The brother informs his family that the mayor’s son was guilty of atrocities in China.  This is enough to cause the sister to reject him and allows the villagers’ resentment to grow into real hate.  The son reveals himself to have been fully capable of war crimes.  All this domestic tragedy is set to the bad news coming in from the front.

Well, the movie certainly delivers all the sadness it promised.  There is a very interesting counterpoint between the villagers’ fanatical patriotism and the family’s growing conviction Japan will lose the war.  Despite the unremitting bleakness, the movie is  well and powerfully made and acted.



Stop Train 349 (1963)

Stop Train 349 (Verspätung in Marienborn)
Directed by Rold Hädrich
Written by Jim Henaghan, Victor Vicas and Norman Borisoff from a story by Will Tremper
1963/France/Italy/West Germany
Da Ma Produzione/ Hans Oppenheimer Film/Hoche Productions et al
First viewing/Amazon Instant

There are many people in the world who really don’t understand, or say they don’t, what is the great issue between the free world and the Communist world. Let them come to Berlin. There are some who say that communism is the wave of the future. Let them come to Berlin. And there are some who say in Europe and elsewhere we can work with the Communists. Let them come to Berlin. And there are even a few who say that it is true that communism is an evil system, but it permits us to make economic progress. Lass’sie nach Berlin kommen. Let them come to Berlin. – John F. Kennedy, 1963

After a somewhat cheesy opening, this topical political thriller works really well.

By treaty, the East Germans allowed the U.S. Army to operate a sealed train between West Berlin and West Germany, crossing East German territory.  On this run of the train there is an unscheduled stop within East Germany and a East German escapee jumps onto the train.  A sympathetic nurse unlocks a sealed door and attempts to hide him.

This doesn’t work too well because an obnoxious and nosy U.S. journalist (Jose Ferrer) is soon onto a story.  At the border between East and West Berlin the train is again stopped by East German and Soviet authorities demanding the refugee, which the Army denies harboring.  Tense negotiations ensue.

After the introductory bad “theme song” with shots of Berlin this becomes a taut thriller. One is really unsure of the fate of the refugee to the very end.  The negotiations struck me as very realistic.  Recommended to those looking for an obscure gem.  I watched a dubbed  version.

Clip – does not reflect the quality or tone of the rest of the film

The Disaster Artist (2017)

The Disaster Artist
Directed by James Franco
Written by Scott Neustadter and Michael H. Weber from a book by Greg Sestero and Tom Bissell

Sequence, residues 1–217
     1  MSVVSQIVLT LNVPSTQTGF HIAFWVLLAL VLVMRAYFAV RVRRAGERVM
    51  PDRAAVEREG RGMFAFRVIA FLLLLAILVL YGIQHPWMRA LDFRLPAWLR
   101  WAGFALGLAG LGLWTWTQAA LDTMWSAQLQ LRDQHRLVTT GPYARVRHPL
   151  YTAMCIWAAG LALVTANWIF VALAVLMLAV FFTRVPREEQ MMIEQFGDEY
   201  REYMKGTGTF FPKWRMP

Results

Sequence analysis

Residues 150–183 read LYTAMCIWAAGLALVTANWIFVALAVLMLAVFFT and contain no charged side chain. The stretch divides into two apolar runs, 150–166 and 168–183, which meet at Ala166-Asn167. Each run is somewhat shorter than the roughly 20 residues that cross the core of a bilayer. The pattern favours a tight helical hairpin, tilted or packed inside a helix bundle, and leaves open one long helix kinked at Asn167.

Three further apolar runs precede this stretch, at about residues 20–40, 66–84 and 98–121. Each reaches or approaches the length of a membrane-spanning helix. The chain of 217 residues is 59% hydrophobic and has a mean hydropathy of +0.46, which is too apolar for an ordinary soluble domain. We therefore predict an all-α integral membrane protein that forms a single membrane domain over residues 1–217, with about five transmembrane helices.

Good Universe/New Line Cinema, etc.
First viewing/theatrical showing


Greg Sestero: Tommy, dude, this really isn’t necessary.

Tommy Wiseau: No, no! Very necessary. I need to show my ass to sell this picture.

I and the rest of the audience of the showing of this movie at the Palm Springs International Film festival laughed our asses off.

This is the story of the friendship of cult director Tommy Wiseau (James Franco) and actor Greg Sisteros (Dave Franco).  Both had an unlikely dream of making it in Hollywood. Unfortunately, Hollywood did not agree so Wiseau decided to do it himself by making The Room, now considered one of the worst movies ever made.

The plot delves into the inexplicable personality of the truly unique Wiseau with humor and some sympathy. We laugh at Wiseau’s clueless efforts while ultimately admiring his never losing faith in himself or his project.  The scenes of the friends are interspersed with the making of the movie.  Before the credits role we are treated to a number of shot-for-shot divided screen recreations of The Room.  If you liked Ed Wood (1994), you might like to give this one a try.

Wiseau has always refused to reveal much about his background or personal life and the film leaves many questions unanswered.  I had a hell of a good time though.  I hope Franco is nominated for a Best Actor Oscar.  He makes the film work.

We were treated to a Q&A with the scriptwriters and Greg Sisteros after the film.

The Room (2003)

The Room
Directed by Tommy Wiseau
Written by Tommy Wiseau
First viewing/YouTube


It’s as if Ed Wood made a love-triangle soap opera punctuated with soft-core porn.

The movie takes place in an alternative universe masquerading as San Francisco.  Johnny is a bank employee who has been engaged to Lisa for the last five years.  They make love two or three times a day.  She is bored and starts an affair with Johnny’s best friend Mark on the eve of their nuptials.  When Johnny finds out about Lisa’s duplicity   SPOILER